Parker Molloy
September 04, 2014 6:28 am

Last year, Columbia University senior Emma Sulkowicz was allegedly raped by a classmate in her dorm room. Since then, she’s made it her mission to ensure the safety of other students, reporting her crime to authorities, speaking out against her rapist, joining 22 other students in filing a federal Title IX complaint against the school for their handling of sexual assault accusations. Despite her efforts, Sulkowicz’ rapist remains free and enrolled at the school.

“Every day, I am afraid to leave my room,” Sulkowicz wrote earlier this year in Time Magazine. “Even seeing people who look remotely like my rapist scares me. Last semester, I was working in the dark room in the photography department. Though my rapist wasn’t in my class, he asked permission from his teacher to come and work in the dark room during my class time. I started crying and hyperventilating. As long as he’s on campus with me, he can continue to harass me.”

Hoping to highlight the invisibility, injustice, and embarrassment rape survivors are all-too-frequently subjected to, Sulkowicz has decided to turn her pain into performance art. For the remainder of the school year—or until her attacker is no longer enrolled—she will carry her dorm mattress everywhere she goes on campus.

Titled “Mattress Performance/Carry That Weight,” Sulkowicz’ performance piece serves as her senior visual arts thesis. Everywhere Sulkowicz goes on campus, she will bring along her mattress. Though she will struggle with it, she will only accept help from others if offered. The mattress was chosen for a number of reasons, one of which being that Sulkowicz “[wants] people to see how it weighs down a person to be ignored by the school administration and harassed by police.”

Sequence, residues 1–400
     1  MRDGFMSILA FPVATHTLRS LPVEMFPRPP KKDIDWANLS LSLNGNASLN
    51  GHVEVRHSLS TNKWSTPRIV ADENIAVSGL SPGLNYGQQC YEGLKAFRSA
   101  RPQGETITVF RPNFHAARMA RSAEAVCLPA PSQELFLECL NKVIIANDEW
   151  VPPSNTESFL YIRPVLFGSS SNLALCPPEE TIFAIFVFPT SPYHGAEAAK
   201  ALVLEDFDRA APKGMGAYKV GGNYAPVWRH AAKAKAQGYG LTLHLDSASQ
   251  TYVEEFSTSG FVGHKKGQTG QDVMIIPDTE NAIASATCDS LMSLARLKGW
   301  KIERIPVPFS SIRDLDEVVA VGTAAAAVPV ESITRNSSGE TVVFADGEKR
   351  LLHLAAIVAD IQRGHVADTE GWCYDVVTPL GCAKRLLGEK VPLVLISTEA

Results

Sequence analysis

“A mattress is the perfect size for me to just be able to carry it enough that I can continue with my day, but also heavy enough that I have to continually struggle with it,” she says in a YouTube video describing the project. “We keep [beds] in our bedroom, which is our intimate and private space. The past year or so of my life has been really marked by telling people what happened in that most intimate, private space and bringing it out into the light.”

Campus assault has been and remains a concern at schools nationwide. A 2007 Department of Justice report found that 13.7 percent of female undergraduate students had been victims of at least one sexual assault since entering college. It’s entirely possible that number is far too low, as some respondents may not feel safe or comfortable enough to disclose their assault. Sadly, recent and accurate data on this topic remains hard to come by, as reporting and discussing one’s assault comes with a huge amount of stigma.

As for Sulkowicz, she hopes her demonstration will lead to increased visibility, lessened stigma, and justice.

“The piece could potentially take a day, or it could go on until I graduate,” she says in the YouTube video. “For me, it’s an endurance performance arts piece.”

(Images via YouTube and Time)

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